reviews

  • Alexis Smith

    Rosamund Felsen Gallery

    A friend of mine has a term for the continuing spate, in art, of miniature sculpture (particularly little houses), born-again tacky decor, “bad” figuration, videotaped dog acts, verbal/visual one-liners, rhinestone paintings, all the varieties of post-Conceptual, post-everything cuddliness and whimsy. He calls it Cutism. This implies that the stuff is all a lollipop plague, and I don’t agree, but you don’t have to agree with a good, bitchy crack to find it useful in sorting out your responses. You can start testing for work that fits the letter but eludes the mean spirit of the designation: Are

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  • Laddie John Dill

    California Institute of Technology

    My favorite works by Laddie John Dill were made around 1972–73: long, narrow cast wedges of cement in which are inserted troughs of glass holding cement wedges that slope in the opposite direction. The cement members blend into each other at the ends. The unit, which looks as if it weighs at least a ton, rests on the floor. Works of an airless but conceptually tough elegance, the wedge pieces balance brute physicality and precise cerebral ambiguity. For instance, does the bottom wedge contain the glass which contains the top wedge, or is the glass contained, sandwich-fashion, by the cement?—in

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  • Alexis Smith

    Rosamund Felsen Gallery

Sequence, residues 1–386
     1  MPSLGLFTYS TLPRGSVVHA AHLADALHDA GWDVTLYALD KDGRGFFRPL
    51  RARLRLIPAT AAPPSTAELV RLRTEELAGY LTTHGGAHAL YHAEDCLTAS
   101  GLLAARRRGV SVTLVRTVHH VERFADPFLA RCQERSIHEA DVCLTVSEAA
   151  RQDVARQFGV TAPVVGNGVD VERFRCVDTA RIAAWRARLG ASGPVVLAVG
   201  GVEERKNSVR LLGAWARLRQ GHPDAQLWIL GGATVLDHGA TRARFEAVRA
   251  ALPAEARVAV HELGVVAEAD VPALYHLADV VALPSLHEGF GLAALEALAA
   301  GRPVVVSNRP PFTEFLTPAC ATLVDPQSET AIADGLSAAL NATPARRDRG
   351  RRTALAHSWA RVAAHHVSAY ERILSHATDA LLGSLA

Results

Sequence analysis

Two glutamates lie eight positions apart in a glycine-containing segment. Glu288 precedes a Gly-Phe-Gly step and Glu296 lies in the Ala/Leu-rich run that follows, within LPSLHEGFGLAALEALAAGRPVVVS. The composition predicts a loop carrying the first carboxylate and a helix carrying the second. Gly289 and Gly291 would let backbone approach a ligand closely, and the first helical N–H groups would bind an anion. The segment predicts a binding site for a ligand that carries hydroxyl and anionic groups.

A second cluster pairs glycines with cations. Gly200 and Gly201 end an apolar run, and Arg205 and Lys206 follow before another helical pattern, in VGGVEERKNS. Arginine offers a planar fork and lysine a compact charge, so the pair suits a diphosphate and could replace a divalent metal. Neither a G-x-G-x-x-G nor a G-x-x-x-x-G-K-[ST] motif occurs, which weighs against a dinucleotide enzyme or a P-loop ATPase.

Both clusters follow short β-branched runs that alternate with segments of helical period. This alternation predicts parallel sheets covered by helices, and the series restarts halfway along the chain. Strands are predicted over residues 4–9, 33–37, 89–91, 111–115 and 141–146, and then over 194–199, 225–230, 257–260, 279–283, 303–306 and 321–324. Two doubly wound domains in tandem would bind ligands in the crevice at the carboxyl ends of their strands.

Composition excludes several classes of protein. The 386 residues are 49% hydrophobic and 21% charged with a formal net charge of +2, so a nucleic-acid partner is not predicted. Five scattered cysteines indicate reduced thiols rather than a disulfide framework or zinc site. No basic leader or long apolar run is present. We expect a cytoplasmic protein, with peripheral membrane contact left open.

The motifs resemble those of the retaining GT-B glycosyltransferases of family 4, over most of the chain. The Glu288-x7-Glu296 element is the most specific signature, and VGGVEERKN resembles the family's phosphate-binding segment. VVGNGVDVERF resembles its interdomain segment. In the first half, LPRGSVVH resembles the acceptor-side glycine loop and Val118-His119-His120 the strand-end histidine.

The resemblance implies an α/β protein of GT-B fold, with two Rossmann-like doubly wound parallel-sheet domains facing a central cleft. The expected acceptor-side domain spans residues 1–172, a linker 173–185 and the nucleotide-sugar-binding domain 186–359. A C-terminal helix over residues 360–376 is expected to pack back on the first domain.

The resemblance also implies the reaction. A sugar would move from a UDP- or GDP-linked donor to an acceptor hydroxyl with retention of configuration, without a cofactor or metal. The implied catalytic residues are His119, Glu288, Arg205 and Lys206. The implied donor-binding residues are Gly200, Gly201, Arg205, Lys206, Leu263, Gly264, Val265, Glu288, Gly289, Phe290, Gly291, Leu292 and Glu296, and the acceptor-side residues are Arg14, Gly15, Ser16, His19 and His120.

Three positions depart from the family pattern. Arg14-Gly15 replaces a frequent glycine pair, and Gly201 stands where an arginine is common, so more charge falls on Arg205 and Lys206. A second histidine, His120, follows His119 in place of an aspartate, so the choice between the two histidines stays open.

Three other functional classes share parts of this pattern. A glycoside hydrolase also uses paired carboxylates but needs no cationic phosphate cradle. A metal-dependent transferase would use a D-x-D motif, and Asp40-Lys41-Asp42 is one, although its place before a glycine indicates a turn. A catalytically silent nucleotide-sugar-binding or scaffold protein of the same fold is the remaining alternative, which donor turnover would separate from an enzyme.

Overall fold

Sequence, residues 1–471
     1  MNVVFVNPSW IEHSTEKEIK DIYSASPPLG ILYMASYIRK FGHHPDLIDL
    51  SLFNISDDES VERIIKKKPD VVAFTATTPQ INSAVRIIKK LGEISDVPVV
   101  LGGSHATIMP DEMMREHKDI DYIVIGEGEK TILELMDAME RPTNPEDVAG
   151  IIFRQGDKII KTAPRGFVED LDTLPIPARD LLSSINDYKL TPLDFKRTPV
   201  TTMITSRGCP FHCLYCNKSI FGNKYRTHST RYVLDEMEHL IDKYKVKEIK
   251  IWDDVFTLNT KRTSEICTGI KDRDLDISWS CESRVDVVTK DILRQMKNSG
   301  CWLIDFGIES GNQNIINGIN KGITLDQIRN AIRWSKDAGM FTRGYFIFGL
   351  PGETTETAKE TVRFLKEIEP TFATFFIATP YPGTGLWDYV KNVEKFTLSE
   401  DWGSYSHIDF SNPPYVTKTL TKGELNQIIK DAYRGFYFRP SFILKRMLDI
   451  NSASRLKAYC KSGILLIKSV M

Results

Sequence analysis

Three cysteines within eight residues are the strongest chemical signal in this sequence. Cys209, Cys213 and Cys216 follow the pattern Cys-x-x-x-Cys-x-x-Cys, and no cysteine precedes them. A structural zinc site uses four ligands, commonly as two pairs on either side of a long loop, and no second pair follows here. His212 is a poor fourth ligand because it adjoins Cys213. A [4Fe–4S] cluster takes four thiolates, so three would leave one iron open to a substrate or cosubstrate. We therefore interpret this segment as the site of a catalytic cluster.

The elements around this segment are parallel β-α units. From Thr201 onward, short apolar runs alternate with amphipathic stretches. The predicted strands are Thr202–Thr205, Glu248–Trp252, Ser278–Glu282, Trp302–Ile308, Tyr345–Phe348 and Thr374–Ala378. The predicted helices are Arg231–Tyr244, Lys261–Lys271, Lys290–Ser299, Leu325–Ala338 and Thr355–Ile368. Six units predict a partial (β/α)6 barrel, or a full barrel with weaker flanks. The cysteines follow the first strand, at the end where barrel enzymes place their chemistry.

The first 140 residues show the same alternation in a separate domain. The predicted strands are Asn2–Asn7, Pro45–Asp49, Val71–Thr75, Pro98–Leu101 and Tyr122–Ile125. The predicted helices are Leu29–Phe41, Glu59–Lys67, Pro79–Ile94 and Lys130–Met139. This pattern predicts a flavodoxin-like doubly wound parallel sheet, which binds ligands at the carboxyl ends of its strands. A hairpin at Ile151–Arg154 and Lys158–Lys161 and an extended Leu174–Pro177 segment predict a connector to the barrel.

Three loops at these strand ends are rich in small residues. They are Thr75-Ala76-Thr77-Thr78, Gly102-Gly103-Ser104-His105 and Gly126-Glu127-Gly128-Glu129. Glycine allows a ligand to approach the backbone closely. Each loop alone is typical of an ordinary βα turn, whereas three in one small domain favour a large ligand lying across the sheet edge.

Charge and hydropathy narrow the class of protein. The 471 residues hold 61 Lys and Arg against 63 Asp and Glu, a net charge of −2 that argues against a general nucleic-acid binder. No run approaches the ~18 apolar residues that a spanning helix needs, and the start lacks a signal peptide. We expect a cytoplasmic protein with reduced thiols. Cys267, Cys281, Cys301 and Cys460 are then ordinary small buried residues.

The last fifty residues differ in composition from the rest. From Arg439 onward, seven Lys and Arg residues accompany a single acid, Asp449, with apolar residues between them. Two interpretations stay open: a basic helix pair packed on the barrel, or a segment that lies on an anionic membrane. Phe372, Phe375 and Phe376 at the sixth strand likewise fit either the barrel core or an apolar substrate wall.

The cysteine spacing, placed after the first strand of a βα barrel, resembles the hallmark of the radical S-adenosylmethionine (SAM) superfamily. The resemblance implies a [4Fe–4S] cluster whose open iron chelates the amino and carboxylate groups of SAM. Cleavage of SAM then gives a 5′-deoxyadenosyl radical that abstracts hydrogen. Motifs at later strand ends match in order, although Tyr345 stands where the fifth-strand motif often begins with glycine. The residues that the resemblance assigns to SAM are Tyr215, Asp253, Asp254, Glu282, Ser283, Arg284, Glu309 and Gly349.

A friend of mine has a term for the continuing spate, in art, of miniature sculpture (particularly little houses), born-again tacky decor, “bad” figuration, videotaped dog acts, verbal/visual one-liners, rhinestone paintings, all the varieties of post-Conceptual, post-everything cuddliness and whimsy. He calls it Cutism. This implies that the stuff is all a lollipop plague, and I don’t agree, but you don’t have to agree with a good, bitchy crack to find it useful in sorting out your responses. You can start testing for work that fits the letter but eludes the mean spirit of the designation: Are

    Read more
  • Laddie John Dill

    California Institute of Technology

    My favorite works by Laddie John Dill were made around 1972–73: long, narrow cast wedges of cement in which are inserted troughs of glass holding cement wedges that slope in the opposite direction. The cement members blend into each other at the ends. The unit, which looks as if it weighs at least a ton, rests on the floor. Works of an airless but conceptually tough elegance, the wedge pieces balance brute physicality and precise cerebral ambiguity. For instance, does the bottom wedge contain the glass which contains the top wedge, or is the glass contained, sandwich-fashion, by the cement?—in

    Read more